Capillaries: The wall of the capillary is one-cell thick.
Veins: The wall of the vein consists of several cell layers.
Capillaries: Capillaries do not consist of veins.
Veins: Veins consist of valves.
Capillaries: Capillaries form a highly branched network called the capillary bed.
Veins: Veins are not branched as capillaries.
Capillaries: Capillaries connect arterioles and venules.
Veins: Veins drain the blood in the venules towards the heart.
Capillaries: Capillaries allow the movement of oxygen, nutrients, and metabolic wastes between the blood and the extracellular fluid.
Veins: Veins drain deoxygenated blood to the heart.
Capillaries: Capillaries are involved in microcirculation.
Veins: Veins are the components of the systemic circulation.
Capillaries and veins are two vessel components of the circulation system. Capillaries are single cell-thick structures whereas veins are made up of three types of tissues: connective tissue, smooth muscles, and simple epithelium. Capillaries receive oxygenated blood from arterioles along with nutrients. Both nutrients and oxygen move from the blood to the extracellular fluid through the wall of the capillaries. The metabolic wastes move to the blood at the same time. The deoxygenated blood drains to the veins through the venules and is then transported to the heart. The main difference between capillaries and veins is the role of each type of blood vessel in the circulation system.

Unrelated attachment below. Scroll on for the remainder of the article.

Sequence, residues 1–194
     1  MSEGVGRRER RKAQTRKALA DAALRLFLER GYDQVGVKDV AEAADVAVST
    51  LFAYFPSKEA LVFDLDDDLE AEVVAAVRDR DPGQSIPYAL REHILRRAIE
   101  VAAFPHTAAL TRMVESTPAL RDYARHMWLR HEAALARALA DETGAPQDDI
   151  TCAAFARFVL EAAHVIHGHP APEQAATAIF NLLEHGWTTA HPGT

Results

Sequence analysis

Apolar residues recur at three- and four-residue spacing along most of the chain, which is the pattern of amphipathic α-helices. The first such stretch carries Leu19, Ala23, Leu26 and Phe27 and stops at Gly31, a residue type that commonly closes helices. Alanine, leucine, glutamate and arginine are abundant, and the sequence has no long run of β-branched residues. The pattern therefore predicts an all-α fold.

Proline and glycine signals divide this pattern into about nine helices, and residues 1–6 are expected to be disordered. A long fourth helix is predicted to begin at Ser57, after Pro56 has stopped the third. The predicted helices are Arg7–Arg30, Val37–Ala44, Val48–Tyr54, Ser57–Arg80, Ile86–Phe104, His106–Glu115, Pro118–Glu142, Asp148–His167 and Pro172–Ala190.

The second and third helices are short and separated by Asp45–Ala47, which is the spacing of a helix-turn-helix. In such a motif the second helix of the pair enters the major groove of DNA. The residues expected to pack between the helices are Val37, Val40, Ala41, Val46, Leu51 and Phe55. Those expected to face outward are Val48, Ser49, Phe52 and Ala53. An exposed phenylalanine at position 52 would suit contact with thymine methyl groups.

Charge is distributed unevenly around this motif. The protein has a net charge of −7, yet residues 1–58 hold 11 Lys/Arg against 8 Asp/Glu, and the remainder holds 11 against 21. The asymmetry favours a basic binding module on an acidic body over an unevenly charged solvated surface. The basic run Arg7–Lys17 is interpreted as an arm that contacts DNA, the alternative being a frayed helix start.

1. Bailey, Regina. “What is a Capillary Fluid Exchange?” ThoughtCo, Available here. Accessed 30 Aug. 2017.
2. “Capillary.” Wikipedia, Wikimedia Foundation, 28 Aug. 2017, Available here. Accessed 30 Aug. 2017.
3. Bailey, Regina. “Types of Veins That Keep Your Heart Ticking.” ThoughtCo, Available here. Accessed 30 Aug. 2017.
1. “Vein” By Kelvinsong – Own work (CC BY-SA 3.0) via Commons Wikimedia
2. “Capillaries” By National Cancer Institute, National Institutes of Health – (Public Domain) via Commons Wikimedia
3. “2104 Three Major Capillary Types” By OpenStax College – Anatomy & Physiology, Connexions Web site. Jun 19, 2013. (CC BY 3.0) via Commons Wikimedia
4. “2108 Capillary Exchange” By OpenStax College – Anatomy & Physiology, Connexions Web site. Jun 19, 2013. (CC BY 3.0) via Commons Wikimedia
5. “Capillary” By Kelvinsong – Own work (CC BY-SA 3.0) via Commons Wikimedia